It’s not a battle

Last year a journalist wondered: “Did Google just kill PR agencies?“. It was triggered by changes Google made to its search algorithm and what this meant for press releases. This year apparently “PRs are winning” because another journalist all of a sudden realized that PR includes the use of social media and digital publishing tools.

What hasn’t changed is that many journalists still fail to understand that PR was, is and always will be more than media relations. This is not a battle between PR and journalism.

We need strong journalism, and strong journalists who understand the impact of technology. It is important that more journalists and media organizations figure out how to operate in a world where buying ink by the barrel is not exclusive to them anymore.

Checkers and Chess in Mobile

It’s not fair to say that Apple is playing chess while Google, Samsung, Microsoft, and the rest are playing checkers. It’s more like they’re all playing chess, Apple is winning, but there’s a large contingent of the tech and investor commentariat who think the game is checkers and thus are deeply confused.
John Gruber, The Ecosystem Chess Game, March 14, 2014

I don’t always agree with John Gruber’s perspectives but The Ecosystem Chess Game is a recommended read. He’s right that in commentaries on the mobile market, there’s often too much focus on “apps” and not enough on the “ecosystem”.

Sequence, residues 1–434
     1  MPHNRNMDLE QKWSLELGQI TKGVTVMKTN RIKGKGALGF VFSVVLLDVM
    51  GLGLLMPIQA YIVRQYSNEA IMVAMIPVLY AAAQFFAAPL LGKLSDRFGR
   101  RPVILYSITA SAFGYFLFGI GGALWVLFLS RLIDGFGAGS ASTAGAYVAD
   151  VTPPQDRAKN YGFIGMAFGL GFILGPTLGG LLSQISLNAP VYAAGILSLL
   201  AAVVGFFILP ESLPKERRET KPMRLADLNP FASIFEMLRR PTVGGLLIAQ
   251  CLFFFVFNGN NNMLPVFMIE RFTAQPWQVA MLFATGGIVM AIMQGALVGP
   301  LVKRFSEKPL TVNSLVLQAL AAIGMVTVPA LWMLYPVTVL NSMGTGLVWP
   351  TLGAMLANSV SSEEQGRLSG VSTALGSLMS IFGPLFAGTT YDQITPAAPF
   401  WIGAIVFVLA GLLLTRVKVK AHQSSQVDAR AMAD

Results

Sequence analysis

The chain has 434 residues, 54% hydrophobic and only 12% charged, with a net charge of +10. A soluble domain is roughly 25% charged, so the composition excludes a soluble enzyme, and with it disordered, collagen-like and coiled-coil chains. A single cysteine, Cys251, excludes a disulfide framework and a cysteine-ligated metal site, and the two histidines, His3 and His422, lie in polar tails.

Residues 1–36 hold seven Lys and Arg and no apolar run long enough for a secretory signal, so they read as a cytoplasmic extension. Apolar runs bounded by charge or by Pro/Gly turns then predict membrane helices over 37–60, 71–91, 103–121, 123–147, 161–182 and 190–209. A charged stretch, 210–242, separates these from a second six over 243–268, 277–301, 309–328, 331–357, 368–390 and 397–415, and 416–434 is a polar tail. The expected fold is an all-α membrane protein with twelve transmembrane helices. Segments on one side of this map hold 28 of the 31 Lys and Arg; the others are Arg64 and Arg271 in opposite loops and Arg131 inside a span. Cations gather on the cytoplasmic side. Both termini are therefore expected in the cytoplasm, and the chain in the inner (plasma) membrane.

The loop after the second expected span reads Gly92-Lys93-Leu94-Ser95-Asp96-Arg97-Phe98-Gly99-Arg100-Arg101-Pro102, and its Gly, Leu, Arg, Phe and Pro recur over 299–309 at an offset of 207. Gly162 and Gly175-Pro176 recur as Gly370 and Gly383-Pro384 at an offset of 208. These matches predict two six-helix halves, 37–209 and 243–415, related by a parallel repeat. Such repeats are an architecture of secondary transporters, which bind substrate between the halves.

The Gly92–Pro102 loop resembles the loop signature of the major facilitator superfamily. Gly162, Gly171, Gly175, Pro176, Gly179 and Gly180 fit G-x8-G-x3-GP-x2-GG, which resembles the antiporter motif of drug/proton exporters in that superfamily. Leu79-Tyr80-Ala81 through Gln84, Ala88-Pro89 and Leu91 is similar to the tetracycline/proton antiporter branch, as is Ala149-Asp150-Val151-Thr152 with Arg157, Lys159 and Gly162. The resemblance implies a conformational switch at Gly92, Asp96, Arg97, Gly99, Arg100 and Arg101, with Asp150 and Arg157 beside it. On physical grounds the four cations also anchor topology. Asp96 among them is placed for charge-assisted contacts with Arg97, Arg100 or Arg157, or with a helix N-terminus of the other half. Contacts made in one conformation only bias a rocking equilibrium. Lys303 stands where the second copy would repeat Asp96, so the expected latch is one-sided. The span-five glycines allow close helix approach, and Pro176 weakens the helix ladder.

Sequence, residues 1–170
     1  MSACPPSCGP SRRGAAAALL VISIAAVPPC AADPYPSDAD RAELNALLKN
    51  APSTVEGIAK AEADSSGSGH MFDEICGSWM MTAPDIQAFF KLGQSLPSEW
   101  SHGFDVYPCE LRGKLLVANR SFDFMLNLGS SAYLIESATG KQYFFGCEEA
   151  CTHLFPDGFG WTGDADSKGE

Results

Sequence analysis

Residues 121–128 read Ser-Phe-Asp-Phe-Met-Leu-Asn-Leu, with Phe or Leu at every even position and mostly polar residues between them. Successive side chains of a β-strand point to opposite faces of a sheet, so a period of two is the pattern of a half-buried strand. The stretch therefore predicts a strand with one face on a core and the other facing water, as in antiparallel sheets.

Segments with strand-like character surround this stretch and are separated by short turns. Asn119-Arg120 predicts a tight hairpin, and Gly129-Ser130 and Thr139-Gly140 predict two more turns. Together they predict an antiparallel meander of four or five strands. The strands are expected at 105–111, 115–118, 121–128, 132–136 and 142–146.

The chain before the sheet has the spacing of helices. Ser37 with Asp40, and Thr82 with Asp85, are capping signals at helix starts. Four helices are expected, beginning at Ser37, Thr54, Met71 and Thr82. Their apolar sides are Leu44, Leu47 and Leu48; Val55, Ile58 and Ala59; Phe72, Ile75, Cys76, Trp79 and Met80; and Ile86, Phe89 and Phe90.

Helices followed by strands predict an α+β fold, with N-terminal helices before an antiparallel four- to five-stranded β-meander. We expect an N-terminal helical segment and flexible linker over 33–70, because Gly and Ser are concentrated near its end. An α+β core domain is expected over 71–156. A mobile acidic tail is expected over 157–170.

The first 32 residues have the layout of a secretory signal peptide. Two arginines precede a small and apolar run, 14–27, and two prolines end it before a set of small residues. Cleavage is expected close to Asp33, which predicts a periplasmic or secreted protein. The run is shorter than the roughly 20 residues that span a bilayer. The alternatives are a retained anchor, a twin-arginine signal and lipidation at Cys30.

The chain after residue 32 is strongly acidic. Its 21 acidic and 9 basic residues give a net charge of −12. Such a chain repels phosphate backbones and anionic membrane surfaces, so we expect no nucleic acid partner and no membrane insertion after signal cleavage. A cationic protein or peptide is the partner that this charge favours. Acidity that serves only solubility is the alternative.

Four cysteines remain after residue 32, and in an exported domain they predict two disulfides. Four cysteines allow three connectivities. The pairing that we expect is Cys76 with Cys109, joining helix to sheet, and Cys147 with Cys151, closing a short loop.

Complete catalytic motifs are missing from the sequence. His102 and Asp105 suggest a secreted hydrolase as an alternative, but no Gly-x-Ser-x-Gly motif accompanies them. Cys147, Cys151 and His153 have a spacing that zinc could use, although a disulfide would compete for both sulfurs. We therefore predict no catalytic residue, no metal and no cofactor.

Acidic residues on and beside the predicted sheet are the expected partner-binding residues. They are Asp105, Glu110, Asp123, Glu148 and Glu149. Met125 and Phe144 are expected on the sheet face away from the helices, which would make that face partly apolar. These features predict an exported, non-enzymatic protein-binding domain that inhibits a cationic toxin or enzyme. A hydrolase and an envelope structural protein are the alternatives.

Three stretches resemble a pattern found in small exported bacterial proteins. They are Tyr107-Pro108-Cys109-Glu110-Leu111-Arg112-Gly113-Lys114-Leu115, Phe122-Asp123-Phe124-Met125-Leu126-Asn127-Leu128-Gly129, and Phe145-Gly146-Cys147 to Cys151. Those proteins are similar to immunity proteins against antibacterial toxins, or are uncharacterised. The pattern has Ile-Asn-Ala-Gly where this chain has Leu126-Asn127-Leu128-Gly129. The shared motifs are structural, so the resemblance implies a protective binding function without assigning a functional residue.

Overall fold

Three hundred machines

Of course you have three hundred important machines more than we have for our daily lives, but other than that you are as dumb, as smart, as modern as we are.

Journalist Kurt Tucholsky wrote that in 1926 (in German – my translation) in an article addressed at a “dear reader in 1985″. His prediction was as true in 1985 as it is in 2014. I read his article while taking a break from staring at my computer screen.

Simple and efficient

LinkedIn sent out a message today that it is removing RSS feeds as an option to view network updates because “we strive to provide a simple and efficient experience for members”. Well, I use RSS feeds because they are simple and efficient. LinkedIn should have just said: “We’re removing RSS feeds because you are one of only very few people left in this world who actually use this feature, and we have no time or money to waste on supporting your backwards ways”. That would have been more honest messaging.